April 15, 2010
Following a White House tradition that goes back to Franklin Roosevelt, President Obama signed the 2010 health care reform bill with twenty-one pens. He then gave twenty of them away to those who worked hard to pass the new legislation. Among the happy recipients were Speaker of the House Nancy Pelosi, Senator Harry Reid and Secretary of Health and Human Services Kathleen Sebelius. These individuals strongly supported the President’s effort to overhaul our health care system. They were rewarded with this attention.
One very unlikely recipient of one of the pens was Sister Carol Keehan. For more than 35 years, Sr. Carol has worked with great distinction in governance positions at hospitals sponsored by the Daughters of Charity. At present, she is President of the Catholic Health Association. In the final hours of the campaign to pass the bill for health care reform, Sr. Carol threw the weight of her authority behind the President’s efforts.
Within the United States, there are over 600 Catholic hospitals. It has been a gift to the people of this country to be cared for and welcomed into our institutions of health care founded and staffed by so many dedicated religious. There is no surprise, then, that a religious sister committed to continuing Christ’s compassion to those in need would be passionately interested in a reform of our present system of health care. However, public support of this particular bill that fosters abortion has caused scandal.
The Catholic Health Association, led by Sr. Carol, adopted an official position that publicly disagreed with the position taken by bishops of the United States. Sr. Carol was not alone in her dissent. Network, a social justice lobby of religious sisters, also released to the media their letter to Congress in support of the bill. And so did the Leadership Conference of Women Religious (LCWR).
On March 15, Cardinal George, President of the United States Conference of Catholic Bishops, spoke on behalf of the bishops of the United States. He clearly stated the bishops’ opposition to the Senate’s version of the health care legislation under consideration because it expanded abortion funding and did not include any adequate provision for conscience protection. When these groups of sisters spoke out publicly to the contrary, they caused great confusion among the faithful and provided a cover for any member of congress ready to cave in under pro-abortion pressure. Listening to the news reports of those religious who spoke contrary to the bishops, some Catholics misunderstood the news. They mistakenly thought that the Church was now for the bill.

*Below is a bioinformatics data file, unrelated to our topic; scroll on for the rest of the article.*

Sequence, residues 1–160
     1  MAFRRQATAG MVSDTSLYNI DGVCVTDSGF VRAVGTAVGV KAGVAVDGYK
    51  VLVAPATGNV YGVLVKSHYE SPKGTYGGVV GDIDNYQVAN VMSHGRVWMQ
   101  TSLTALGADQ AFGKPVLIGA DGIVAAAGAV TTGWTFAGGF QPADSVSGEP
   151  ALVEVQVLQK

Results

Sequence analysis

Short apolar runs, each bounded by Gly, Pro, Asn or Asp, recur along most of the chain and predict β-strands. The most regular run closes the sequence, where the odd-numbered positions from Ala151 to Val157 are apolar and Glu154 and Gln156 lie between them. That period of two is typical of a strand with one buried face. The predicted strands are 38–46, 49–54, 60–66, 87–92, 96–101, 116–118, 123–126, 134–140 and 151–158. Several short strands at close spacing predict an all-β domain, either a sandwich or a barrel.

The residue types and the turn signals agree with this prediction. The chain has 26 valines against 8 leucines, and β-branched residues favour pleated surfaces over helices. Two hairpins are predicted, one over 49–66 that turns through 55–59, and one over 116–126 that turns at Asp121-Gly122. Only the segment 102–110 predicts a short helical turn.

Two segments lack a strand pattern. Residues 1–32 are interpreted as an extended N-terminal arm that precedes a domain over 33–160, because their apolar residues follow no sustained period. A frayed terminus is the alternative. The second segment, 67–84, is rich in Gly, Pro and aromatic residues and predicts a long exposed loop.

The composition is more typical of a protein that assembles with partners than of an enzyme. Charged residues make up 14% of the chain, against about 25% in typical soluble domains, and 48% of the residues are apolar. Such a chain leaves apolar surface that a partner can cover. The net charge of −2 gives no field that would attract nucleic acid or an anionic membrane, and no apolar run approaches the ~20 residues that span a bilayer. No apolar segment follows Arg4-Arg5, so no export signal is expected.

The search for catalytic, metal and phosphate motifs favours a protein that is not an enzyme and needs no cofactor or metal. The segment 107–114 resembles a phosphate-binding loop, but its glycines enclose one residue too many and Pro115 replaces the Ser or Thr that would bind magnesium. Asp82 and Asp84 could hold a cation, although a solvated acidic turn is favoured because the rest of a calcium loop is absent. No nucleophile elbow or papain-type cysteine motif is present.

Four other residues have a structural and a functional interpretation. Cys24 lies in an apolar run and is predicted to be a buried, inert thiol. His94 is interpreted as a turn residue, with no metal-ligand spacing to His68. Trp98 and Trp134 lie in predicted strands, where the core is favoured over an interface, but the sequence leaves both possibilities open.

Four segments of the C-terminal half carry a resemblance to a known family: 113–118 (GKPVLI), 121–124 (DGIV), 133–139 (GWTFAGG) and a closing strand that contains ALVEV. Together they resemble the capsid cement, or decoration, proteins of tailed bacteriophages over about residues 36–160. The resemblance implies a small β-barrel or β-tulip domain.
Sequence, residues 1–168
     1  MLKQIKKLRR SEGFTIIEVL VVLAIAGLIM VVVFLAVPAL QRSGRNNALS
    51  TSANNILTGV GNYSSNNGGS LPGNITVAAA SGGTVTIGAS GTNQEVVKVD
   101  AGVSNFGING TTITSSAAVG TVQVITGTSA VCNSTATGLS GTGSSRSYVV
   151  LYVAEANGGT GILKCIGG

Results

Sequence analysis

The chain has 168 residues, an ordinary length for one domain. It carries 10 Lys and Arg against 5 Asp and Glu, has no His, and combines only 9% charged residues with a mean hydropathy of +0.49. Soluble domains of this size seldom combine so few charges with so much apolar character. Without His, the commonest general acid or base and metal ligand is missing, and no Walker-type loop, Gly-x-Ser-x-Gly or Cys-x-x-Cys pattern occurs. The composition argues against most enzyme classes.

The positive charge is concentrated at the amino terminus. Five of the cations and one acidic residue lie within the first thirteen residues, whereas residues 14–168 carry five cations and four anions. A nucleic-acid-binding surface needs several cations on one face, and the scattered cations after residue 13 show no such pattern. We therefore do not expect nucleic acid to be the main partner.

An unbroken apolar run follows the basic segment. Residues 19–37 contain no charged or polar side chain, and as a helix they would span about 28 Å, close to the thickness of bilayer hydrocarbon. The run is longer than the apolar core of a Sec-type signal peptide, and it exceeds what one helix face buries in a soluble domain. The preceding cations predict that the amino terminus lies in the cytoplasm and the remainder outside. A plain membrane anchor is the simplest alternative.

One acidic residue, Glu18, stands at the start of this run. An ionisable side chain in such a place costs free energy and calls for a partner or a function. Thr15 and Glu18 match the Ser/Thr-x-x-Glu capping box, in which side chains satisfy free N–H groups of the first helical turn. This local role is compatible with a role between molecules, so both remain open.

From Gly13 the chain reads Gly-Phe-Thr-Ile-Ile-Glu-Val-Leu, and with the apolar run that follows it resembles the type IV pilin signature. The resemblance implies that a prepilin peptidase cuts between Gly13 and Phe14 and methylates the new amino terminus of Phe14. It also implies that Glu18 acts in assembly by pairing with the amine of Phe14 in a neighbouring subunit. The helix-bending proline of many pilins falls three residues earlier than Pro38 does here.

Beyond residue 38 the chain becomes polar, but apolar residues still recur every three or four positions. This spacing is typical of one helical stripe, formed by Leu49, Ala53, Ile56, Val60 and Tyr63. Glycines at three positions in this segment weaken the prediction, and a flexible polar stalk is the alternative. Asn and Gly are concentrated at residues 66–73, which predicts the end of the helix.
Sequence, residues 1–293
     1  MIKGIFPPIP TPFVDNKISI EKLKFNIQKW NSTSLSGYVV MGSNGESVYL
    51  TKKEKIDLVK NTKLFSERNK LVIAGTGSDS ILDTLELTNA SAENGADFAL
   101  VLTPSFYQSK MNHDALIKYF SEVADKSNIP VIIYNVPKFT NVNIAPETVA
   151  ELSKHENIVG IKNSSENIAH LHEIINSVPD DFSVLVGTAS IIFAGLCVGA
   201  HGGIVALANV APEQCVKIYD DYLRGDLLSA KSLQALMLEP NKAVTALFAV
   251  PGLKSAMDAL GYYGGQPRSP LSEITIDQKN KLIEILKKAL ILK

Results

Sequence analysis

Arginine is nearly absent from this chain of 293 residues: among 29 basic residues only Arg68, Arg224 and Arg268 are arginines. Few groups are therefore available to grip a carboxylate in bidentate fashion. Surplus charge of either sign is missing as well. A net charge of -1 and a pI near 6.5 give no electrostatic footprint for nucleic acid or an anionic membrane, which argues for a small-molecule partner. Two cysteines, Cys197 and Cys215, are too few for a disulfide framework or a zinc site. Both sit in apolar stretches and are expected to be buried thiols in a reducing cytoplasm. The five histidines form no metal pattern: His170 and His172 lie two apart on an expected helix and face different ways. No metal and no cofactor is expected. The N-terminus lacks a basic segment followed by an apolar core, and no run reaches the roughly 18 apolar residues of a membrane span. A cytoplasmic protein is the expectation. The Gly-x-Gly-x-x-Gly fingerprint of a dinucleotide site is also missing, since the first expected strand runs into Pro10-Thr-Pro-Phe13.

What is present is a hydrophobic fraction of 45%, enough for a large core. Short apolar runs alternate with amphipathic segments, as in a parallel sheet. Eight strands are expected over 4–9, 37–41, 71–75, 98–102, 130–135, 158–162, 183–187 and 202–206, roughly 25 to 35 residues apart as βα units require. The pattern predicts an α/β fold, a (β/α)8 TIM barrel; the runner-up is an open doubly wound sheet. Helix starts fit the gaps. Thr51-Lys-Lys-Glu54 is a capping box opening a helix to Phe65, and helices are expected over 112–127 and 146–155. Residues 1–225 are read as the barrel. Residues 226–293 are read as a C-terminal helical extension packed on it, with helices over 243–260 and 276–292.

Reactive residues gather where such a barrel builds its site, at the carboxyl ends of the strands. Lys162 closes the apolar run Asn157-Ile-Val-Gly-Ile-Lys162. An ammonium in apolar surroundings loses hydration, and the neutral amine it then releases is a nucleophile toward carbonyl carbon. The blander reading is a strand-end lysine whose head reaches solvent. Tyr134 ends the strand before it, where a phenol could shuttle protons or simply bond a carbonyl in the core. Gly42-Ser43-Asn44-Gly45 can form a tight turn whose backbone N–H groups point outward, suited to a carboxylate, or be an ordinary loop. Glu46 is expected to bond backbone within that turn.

The number of sisters who dissented from the bishops on this question was grossly overestimated. These sisters do not represent the majority of religious in this country. Network’s letter about health care reform was signed by 55 signatories. They hardly represent the 793 religious communities in the United States. Nor does the Leadership Conference of Women Religious have any right to make the same claim. On March 18, the Council of Major Superiors of Women Religious issued a statement joining with the bishops in calling for an ethically sound health reform, not one that expands abortion.
In a March 20
th interview with reporters on the White House lawn, White House Press Secretary Gibbs said that the President had met with Sr. Keehan. One can only guess what went on in those private conversions. But the public effect of a religious sister speaking out for a bill that contained abortion is tragic and lamentable.
Those who chose to contradict the bishops’ teaching actually played into the hands of the media and some politicians poised to use their words as if the sisters were speaking for the Catholic Church. They were not. It is the bishops who are the voice of the Church in teaching faith and morals.
There are two areas of harm caused by this recent dissent. First, by their support, those who supported the new legislation have advanced a bill that is regrettably flawed in its protection of the child in the womb and the freedom of conscience. Their bad choices will have bad consequences on many, not least of whom will be those denied access to the banquet of life.
Second, by their public dissent from the bishops, these few religious have wounded the conscience of the faithful. They have muted the living voice of the Church. Not every voice in the Church is the voice of the Church. It belongs to the bishops by ordination and the gift of the Holy Spirit, in their role as successors to the apostles, to speak the truth of the faith, both in terms of doctrine and morality.
What we are witnessing is not simply a disagreement on an issue, but a distancing from the very gift of the Church as a sign of unity and beacon of truth for our day. When those who make religious profession in the Church speak against what the pastors of the Church teach, they cause division. They also dull the power of the Church’s witness (Cf. Paul VI,
Paterna Cum Benevolentia, 3). But, when the faithful, both lay, religious and clergy, remain devoted “to the teaching of the apostles and to the communal life, to the breaking of the bread and to the prayers” (Act 2:42), the voice of Christ is heard clearly in the voice of the Church and the Church can more effectively fulfill her mission as the sacrament of salvation for all.